Dramatic view and the highest resolution of the comet so far filling the view. See also this version (if you have 3-D glasses handy).
Archive for the 'Comets' Category
Rosetta has officially arrived at 67P/CG and here is today’s look. These images have apparently been brightened considerably as the comet is supposedly darker than fresh asphalt. It would be good to see what that actually looks like, perhaps something will surface.
Image from 130km. Each pixel is about 2.4 meters.
This mission is just not getting enough public attention. Launched in 2004, the mission has already flown by Mars and two minor asteroids 2867 Šteins in 2008, and of 21 Lutetia in 2010. However, the real target of the mission is coming this week… a comet with the unforgivable name 67P/Churyumov–Gerasimenko. Rosetta will go into orbit around the comet and observe it for the coming months as it nears the Sun which will cause it to start acting more like a comet and forming the familiar tail. As if that were not enough, a small lander named Philae will attempt to land and attach itself to the comet in November.
Especially if you have kids with an appreciation for science. These guys regularly do great animations that explain complex science — appropriate for all ages. They also promise a series of cool videos about cool moons in our solar system. So far they have only covered our own, next up… Mars’ Deimos and Phobos.
Somehow we missed this image of Comet Hartley in Nov of 2010. Now that the probe that was Deep Impact (known as Epoxy in the extended mission) has passed away, I thought it a good excuse to show this amazing shot which has far more detail than the two we published here previously.
I just found this on Gordan Ugarkovic’s Flickr page. I just sped up the frame rate.
What NASA thinks we might be looking at here is an asteroid that was recently shattered by another asteroid, giving it a comet-like appearance. It stays within the asteroid belt, so it cannot be a comet as those objects are known to be dusty ice-balls that stay in highly elliptical orbits around the Sun.
Not at all meant as a “gotcha” at all… but I just love when I take the time to clean these up and people start using these my clean-ups over the ones officially released. Daily Galaxy posted my Comet Halley clean up and I knew I recognized it as my handy work. They most likely got it off Google image search.
Currently there is a comet paying us a visit and can be seen with the naked eye. It can currently be found near Saturn in the night sky, but for those of you who lack the proper equipment and warm coats why not check out spaceweather.com’s Comet Lulin page of amatuer astrophotography.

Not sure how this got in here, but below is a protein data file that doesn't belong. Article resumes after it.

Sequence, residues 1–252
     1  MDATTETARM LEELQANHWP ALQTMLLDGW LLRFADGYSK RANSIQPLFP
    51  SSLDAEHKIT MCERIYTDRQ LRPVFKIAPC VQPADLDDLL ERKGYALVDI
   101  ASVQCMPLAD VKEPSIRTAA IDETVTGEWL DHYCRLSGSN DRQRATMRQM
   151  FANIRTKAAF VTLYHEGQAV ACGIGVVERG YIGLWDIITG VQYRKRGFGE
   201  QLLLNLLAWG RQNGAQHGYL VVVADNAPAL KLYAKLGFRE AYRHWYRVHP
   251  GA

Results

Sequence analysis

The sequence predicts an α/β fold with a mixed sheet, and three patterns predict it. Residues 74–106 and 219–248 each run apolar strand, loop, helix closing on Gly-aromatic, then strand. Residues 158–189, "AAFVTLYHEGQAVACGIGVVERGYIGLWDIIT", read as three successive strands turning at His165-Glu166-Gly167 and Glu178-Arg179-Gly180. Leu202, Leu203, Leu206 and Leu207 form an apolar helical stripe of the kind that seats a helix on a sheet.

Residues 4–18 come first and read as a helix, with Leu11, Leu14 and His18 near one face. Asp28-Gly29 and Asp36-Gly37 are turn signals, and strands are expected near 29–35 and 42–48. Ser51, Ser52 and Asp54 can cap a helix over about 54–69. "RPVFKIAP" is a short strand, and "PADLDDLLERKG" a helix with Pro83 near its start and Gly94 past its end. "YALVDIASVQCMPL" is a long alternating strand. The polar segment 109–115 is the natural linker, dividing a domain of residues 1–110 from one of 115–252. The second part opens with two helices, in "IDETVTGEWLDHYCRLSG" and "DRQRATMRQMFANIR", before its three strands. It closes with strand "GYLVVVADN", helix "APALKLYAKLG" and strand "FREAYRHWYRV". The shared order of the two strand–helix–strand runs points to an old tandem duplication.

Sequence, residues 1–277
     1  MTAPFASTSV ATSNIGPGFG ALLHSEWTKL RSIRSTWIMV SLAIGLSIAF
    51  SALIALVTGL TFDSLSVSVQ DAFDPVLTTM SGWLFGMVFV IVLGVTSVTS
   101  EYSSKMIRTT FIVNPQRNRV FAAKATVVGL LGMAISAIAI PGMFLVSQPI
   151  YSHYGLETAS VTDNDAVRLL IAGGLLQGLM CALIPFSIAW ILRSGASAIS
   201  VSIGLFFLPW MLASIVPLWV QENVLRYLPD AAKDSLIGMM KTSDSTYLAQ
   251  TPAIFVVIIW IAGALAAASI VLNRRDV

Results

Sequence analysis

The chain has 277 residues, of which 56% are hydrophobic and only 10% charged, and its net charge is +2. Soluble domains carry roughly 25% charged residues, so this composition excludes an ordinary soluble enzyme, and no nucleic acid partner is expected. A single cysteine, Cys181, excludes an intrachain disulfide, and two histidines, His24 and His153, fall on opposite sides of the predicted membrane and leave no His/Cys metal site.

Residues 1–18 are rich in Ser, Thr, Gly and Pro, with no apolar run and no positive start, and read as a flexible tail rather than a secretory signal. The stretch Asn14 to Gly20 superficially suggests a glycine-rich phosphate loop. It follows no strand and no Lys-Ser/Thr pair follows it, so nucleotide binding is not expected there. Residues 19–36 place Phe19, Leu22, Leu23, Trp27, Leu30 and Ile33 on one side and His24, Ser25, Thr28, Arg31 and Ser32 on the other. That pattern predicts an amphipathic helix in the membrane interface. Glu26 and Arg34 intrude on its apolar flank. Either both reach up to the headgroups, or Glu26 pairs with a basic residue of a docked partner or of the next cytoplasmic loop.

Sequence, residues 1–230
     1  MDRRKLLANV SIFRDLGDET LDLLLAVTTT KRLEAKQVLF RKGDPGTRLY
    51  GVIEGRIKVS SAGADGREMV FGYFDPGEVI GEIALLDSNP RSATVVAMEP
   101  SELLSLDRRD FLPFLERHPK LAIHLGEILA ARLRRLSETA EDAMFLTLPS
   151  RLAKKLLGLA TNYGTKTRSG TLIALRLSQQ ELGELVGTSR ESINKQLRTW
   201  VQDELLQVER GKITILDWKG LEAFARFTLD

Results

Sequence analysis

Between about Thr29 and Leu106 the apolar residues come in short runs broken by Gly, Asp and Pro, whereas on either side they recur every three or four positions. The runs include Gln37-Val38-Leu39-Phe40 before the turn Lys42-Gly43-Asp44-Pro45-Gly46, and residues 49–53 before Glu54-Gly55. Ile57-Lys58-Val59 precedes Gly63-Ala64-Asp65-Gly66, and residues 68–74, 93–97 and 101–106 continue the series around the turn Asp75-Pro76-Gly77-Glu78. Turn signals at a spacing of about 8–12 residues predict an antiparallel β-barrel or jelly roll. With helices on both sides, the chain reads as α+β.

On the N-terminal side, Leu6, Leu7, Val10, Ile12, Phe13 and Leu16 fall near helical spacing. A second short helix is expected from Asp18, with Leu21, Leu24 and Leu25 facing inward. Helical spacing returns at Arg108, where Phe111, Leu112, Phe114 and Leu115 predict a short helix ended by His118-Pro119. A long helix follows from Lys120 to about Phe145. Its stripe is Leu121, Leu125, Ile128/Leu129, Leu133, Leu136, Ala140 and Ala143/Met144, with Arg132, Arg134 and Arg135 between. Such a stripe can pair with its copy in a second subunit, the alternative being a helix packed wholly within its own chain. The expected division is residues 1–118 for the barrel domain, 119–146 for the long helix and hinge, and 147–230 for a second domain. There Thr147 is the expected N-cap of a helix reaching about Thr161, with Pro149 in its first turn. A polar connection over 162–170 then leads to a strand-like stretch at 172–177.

The image above is by Rich Richins taken on Feb 21, 2009. According to Rich, “Comet Lulin is nearing its peak brightness, and is showing two beautiful tails. The colors are striking. Even through the eyepiece, the tail extends easily over a degree”.
The Planetary Blog today posted an animation of Comet Halley captured by Vega 1 in 1986. The low quality of the Vega images reminded me of how low quality all the mission images to Halley were for their historic encounters. There was one image I found of Halley taken by Giotto that seemed to me to be the best I had ever seen in terms of detail and captured much of the coma that envelopes the nucleus as well. Here is that original image which was found at www.astro.lu.se.
The odd thing about it is the rarity of its use anywhere and the site that provided it gives no other detail about it other than “Nucleus of Comet Halley. Giotto fly-by 1986”. So out of curiosity, I decided to do a google image search for “Comet Halley” and turns out that the wallpaper image created by wanderingspace that features this image comes up first!
In the interest of full disclosure, I thought I would post the original to show how it was beautified. Most of the work was really cleaning up the noise and removing artifacts. Much of that noise was in the form of posterization and happens in the coma. So that noise was largely blurred out since the coma would pretty much just be a large blur of white at any rate, but the rate of gradation was still maintained for some level of legitimacy. Color was added to the image last, but that is entirely artistic. That and the upper left corner of the coma which was extended to fill the frame are the only fictional parts of the image.
All in all… it seems to me that when you remove the artifacts, you pretty much have the final image which was used for the wallpaper image. Less manipulation and more “clean-up” which is what I try to do with all images here when needed.
Must have missed this earlier image of Holmes. In the interest of seeing the comet better, the background stars were reduced with software and the surrounding space around it was darkened. You can see the original image here taken by Ivan Eder.
Here is Comet Holmes just a week after the previous post. The original image had multiples of star trails which have been quickly removed in Photoshop, probably resulting in some subtle “clumping” artifacts in the surrounding coma. For reference, here is the orignal by Chris Schur.